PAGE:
You might not think too much about the relationship between your stomach and your teeth, but such a relationship definitely exists. Your teeth chew your food, which is then swallowed and sent into your stomach. It's not always a one-way street, and sometimes compounds from your stomach can make the journey in the other direction.
Are you affected by gastroesophageal reflux disease (which most people just call acid reflux)? This is a bothersome condition when stomach acid (which is largely made up of hydrochloric acid) travels up your throat and into your mouth. The progress of the acid can sometimes be rather uncomfortable, but the corrosive acids are largely neutralised by your saliva and the fact that they're quickly swallowed again.
An Ongoing Occurrence
Mild, infrequent acid reflux isn't going to have much effect on your teeth. But when the condition is an ongoing occurrence, your teeth can become compromised. It's likely that this is happening while you sleep when saliva production decreases. This decrease is your body's way of avoiding the need to swallow during sleep and also prevents the loss of excess fluid from your body since you can easily drool when your facial muscles are relaxed (even though this still happens to a lot of people, to some extent). This decreased saliva means decreased protection against the effects of acid reflux. But how does this acid reflux affect your teeth?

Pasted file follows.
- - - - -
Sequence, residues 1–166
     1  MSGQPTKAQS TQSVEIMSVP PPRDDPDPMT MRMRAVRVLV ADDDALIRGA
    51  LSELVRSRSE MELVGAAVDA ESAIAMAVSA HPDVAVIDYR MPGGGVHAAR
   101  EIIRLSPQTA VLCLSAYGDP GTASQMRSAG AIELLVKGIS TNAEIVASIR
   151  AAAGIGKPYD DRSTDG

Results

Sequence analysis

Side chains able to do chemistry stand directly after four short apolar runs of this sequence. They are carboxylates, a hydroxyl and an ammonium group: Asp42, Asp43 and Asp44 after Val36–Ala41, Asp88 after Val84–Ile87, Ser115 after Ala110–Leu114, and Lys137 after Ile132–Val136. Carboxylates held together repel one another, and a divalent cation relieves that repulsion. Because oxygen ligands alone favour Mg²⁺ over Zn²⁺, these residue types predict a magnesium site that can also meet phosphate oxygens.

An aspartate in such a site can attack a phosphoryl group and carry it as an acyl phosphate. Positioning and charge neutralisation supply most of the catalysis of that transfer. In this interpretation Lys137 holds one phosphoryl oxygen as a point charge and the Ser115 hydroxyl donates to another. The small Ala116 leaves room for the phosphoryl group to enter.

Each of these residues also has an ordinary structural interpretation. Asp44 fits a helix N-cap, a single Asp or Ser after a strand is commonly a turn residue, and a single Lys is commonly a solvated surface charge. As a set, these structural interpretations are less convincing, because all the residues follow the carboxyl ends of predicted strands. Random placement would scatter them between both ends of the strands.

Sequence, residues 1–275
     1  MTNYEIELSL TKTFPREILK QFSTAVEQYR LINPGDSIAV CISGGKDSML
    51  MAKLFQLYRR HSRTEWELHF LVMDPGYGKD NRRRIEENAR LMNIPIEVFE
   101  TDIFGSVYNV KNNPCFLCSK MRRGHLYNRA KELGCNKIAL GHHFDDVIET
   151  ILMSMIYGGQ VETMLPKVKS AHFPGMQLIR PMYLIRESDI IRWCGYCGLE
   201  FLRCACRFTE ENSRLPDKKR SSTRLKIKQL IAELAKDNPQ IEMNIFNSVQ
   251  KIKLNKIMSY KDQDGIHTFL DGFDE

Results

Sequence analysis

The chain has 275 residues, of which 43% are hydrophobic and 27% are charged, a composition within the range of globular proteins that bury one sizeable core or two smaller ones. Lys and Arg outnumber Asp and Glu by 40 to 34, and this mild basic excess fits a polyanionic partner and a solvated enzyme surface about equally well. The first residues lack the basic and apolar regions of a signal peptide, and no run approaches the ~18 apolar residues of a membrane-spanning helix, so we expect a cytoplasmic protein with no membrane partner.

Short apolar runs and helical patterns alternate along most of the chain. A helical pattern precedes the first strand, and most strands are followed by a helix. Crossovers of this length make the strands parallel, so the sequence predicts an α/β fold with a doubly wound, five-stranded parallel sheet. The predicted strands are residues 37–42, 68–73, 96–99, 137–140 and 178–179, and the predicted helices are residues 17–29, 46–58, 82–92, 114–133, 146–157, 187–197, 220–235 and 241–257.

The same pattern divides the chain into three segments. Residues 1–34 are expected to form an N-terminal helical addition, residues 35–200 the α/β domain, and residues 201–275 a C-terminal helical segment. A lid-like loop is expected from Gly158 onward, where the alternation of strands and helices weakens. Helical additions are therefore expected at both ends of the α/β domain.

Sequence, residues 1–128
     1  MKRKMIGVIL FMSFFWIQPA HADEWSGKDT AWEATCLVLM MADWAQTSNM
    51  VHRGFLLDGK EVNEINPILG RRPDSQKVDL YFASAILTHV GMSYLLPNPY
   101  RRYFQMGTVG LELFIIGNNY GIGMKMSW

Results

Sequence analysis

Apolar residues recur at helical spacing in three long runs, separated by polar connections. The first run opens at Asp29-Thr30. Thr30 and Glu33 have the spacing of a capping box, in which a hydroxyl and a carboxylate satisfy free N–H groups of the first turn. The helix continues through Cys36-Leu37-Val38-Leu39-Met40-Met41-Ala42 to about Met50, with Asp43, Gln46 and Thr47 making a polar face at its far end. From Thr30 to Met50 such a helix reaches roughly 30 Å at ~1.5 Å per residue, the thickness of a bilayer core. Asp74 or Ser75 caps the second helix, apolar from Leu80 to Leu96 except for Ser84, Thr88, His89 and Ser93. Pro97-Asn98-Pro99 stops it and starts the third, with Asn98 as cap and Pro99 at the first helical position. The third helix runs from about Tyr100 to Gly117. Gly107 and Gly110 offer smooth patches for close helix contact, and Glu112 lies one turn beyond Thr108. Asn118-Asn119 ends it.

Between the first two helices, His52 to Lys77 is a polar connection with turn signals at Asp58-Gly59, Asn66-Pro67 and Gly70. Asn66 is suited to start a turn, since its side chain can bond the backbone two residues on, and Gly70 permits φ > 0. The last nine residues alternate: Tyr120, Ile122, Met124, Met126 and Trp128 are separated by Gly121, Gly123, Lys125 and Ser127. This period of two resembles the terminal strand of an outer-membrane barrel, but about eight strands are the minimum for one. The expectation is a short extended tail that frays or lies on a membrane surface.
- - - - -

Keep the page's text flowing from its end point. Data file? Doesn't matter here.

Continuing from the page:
It's quite simple, and it's due to the fact that stomach acid is corrosive. When enough of this acid is distributed onto your teeth on a regular basis, it can begin to erode your teeth's protective enamel, leading to decay and deterioration. It will first attack the back of a tooth (as this is the direction the corrosive acid is travelling in when it exits your throat), but if untreated, will begin to affect the entire tooth. What can be done about the problem?
Protecting Your Teeth
Your dentist will easily be able to spot acid erosion during a checkup, and they might then ask you if you're affected by acid reflux. Your dentist might apply a sealant to affected teeth, which is a clear or tooth-coloured resin that acts as a synthetic, protective barrier. When this erosion has resulted in a cavity, this will be filled. More extensive erosion will require a more intensive restoration, such as a dental crown to fully encase the affected tooth.
You should also speak to your doctor about whether your acid reflux is being effectively managed since controlling the problem will substantially reduce the risk it can pose to your dental health.
To get help with teeth damaged by acide reflux, contact a local dentist.